Govt extends gap between 2 doses of Covishield to 12-18 weeks
Source: PTI - Edited By: Utkarsh Mishra
Last updated on: May 13, 2021 22:17 IST
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The Centre on Thursday approved extending the gap between the two doses of the Covishield vaccine to 12-16 weeks following a recommendation from a government panel, and said it is a 'science-based decision' taken with confidence that there will be no extra risk.
Photograph: Photograph: Ranu Abhelakh/Reuters
However, the National Technical Advisory Group on Immunisation (NTAGI) has suggested no change for the dosage interval for Covaxin, the ministry said.
'Based on the available real-life evidences, particularly from the UK, the COVID-19 Working Group agreed for increasing the dosing interval to 12-16 weeks between two doses of Covishield vaccine.
'No change in interval of Covaxin vaccine doses was recommended,' the ministry said.
The present gap between two doses of Covishield, manufactured by the Serum Institute of India, is 6-8 weeks.
The Hyderabad-based Bharat Biotech's indigenously developed Covaxin and Oxford-AstraZeneca's Covishield, being manufactured by the Pune-based SII, are currently being used in India's inoculation drive against coronavirus.
The central government's move comes amid reports from several states about shortage of COVID-19 vaccines.
Some states and UTs have also reported that they had to suspend its vaccination drive for 18-44 years in view of the scarcity.
While Maharashtra decided on Wednesday to suspend its drive to vaccinate people in the age group of 18 to 44 years in view of vaccine shortage, Delhi also temporarily shut Covaxin-administering centres for this age group as it has run out of stock.
Several states and UTs including Delhi, Maharashtra, Karnataka and Telangana have also decided to opt for global tenders for procurement of anti-coronavirus shots with the domestic supply falling short to meet the rising demand.
Asserting that it has been a 'science based decision' taken based on the recommendations of the NTAGI, V K Paul, member (Health) NITI Aayog said as per studies, initially the dosage interval between two doses of covishield was 4 to 6 weeks but then as more data became available secondary analysis showed increasing the dosage interval to 4 to 8 weeks can have some 'advantage'.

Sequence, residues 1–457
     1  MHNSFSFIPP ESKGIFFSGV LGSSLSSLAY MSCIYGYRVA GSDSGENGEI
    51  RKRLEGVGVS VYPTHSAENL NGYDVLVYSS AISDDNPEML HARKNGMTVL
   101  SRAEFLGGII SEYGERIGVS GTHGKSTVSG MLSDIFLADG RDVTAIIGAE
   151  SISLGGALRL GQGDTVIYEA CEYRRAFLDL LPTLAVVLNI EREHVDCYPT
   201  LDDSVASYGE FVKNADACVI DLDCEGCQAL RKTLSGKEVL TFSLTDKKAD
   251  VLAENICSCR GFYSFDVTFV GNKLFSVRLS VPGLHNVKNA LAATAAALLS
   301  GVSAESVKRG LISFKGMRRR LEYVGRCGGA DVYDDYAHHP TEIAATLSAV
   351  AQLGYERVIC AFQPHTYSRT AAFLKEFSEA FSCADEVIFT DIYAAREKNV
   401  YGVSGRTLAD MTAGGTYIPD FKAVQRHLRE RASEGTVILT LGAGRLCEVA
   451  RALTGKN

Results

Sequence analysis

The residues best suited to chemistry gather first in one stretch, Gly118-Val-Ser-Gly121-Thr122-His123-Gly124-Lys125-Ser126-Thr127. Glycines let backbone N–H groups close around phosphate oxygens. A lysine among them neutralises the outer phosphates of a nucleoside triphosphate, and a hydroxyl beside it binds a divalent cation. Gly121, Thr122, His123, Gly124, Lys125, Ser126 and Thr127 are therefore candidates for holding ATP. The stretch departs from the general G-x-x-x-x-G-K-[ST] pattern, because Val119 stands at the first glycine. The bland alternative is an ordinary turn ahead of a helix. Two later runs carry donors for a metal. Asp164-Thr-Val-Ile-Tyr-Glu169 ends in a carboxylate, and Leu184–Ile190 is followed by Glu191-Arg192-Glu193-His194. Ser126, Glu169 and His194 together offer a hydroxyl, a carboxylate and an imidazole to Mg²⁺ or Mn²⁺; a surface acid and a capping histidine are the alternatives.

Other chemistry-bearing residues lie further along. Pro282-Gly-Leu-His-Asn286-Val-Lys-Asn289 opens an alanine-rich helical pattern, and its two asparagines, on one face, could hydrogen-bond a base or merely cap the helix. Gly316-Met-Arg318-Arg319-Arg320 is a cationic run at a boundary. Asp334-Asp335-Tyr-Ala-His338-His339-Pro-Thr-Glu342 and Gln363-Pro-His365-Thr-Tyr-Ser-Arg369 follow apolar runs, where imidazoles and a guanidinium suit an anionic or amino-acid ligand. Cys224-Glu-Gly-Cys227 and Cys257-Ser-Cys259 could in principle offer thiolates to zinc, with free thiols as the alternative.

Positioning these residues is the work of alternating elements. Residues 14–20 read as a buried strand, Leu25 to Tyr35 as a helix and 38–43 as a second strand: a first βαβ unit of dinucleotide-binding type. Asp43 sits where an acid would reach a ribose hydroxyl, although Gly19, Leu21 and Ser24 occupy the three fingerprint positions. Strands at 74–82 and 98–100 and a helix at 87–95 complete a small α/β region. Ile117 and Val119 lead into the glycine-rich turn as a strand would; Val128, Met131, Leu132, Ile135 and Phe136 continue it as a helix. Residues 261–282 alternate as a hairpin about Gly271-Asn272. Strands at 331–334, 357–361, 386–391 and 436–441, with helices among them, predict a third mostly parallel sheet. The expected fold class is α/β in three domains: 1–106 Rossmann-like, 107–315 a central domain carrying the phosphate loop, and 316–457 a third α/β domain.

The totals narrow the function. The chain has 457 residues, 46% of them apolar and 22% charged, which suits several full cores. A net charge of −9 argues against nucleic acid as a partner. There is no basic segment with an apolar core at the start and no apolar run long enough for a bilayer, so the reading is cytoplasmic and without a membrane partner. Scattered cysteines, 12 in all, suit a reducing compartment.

NTAGI is a standing committee which was constituted much before COVID-19 had emerged and works on immunization for children, Paul said, and added that 'it looks at scientific data and we must respect the decision of this institution. They make independent decision'.
They had seen that the UK by that time had already extended it to 12 weeks and WHO also had said the same, but many nations had not changed the dosage pattern, Paul noted.
At that time our science based technical committee anchored by the Indian Council of Medical Research along with DBT by looking at the available data felt breakthrough infections may increase if the gap is increased beyond eight weeks, Paul said.
"So in good faith, based on science, without any pressures, they increased the dosage interval to 4 to 8 weeks. Now based on the available real-life evidences, particularly from the UK, the decision to extend it from 6-8 weeks to 12-16 weeks has been taken with confidence that there will not be an extra risk" he said.
"This is a dynamic decision and, part of periodic review," Paul added .
Asked if the efficacy of the vaccine will be affected with this extension, Paul said, "The efficacy is so good even after the single dose...it's not a problem at all."
This is the second time in the past few months that the interval between the two doses of Covishield has been increased. In March, the Union health ministry had asked states and UTs to increase the gap from 28 days to 6-8 weeks.
"The recommendation of the COVID-19 Working Group was accepted by the National Expert Group on Vaccine Administration for COVID-19 (NEGVAC)....in its meeting on May 12, 2021," the ministry said.
The COVID-19 Working Group is chaired by Dr N K Arora, who is director at the INCLEN Trust.
Its members include Dr Rakesh Agarwal, Director and Dean, GIPMER, Puducherry; Dr Gagandeep Kang, professor, Christian Medical College, Vellore; Dr Naveen Khanna, Group Leader, International Centre For Genetic Engineering And Biotechnology (ICGEB), Jawaharlal Nehru University, New Delhi; Dr Amulya Panda, Director, National Institute of Immunology, New Delhi; and Dr V G Somani, Drugs Controller General of India (DCGI).
Earlier in the day, the NTAGI recommended increasing the gap between two doses of Covishield to 12-16 weeks and said that pregnant women may be offered the choice to take any vaccine.
It also stated that those having laboratory test proven SARS-CoV-2 illness should defer COVID-19 vaccination for six months after recovery.
The panel rejected the proposal for routinely screening all vaccine recipients with rapid antigen testing prior to COVID vaccination.
The NTAGI recommended that all pregnant women visiting for ANC care may be informed about risks and benefits associated with Covishield and Covaxin.
Based on the information provided, a pregnant woman may be offered the choice to take any of the COVID 19 vaccine.
An educational tool comprising information on risk of COVID 19 infection during pregnancy, benefits associated with the vaccination and rare complications associated with vaccines like thrombosis and thrombocytopenia (with Covishield) may be developed.
Also, all lactating women are eligible to receive the COVID 19 vaccines any time after delivery, the panel suggested.
According to the current vaccination protocol, pregnant and lactating women should not be administered the shots as they have not been part of any anti-coronavirus vaccine clinical trial so far.
In case of individuals who have received the first dose and before completion of the dosing schedule if they test positive for COVID-19, they should wait for 4-8 weeks after clinical recovery from the illness.
Also, COVID-19 patients who have been given anti-SARS-CoV-2 monoclonal antibodies or convalescent plasma may defer COVID-19 vaccination for three months from the day of discharge from hospital, the recommendations stated.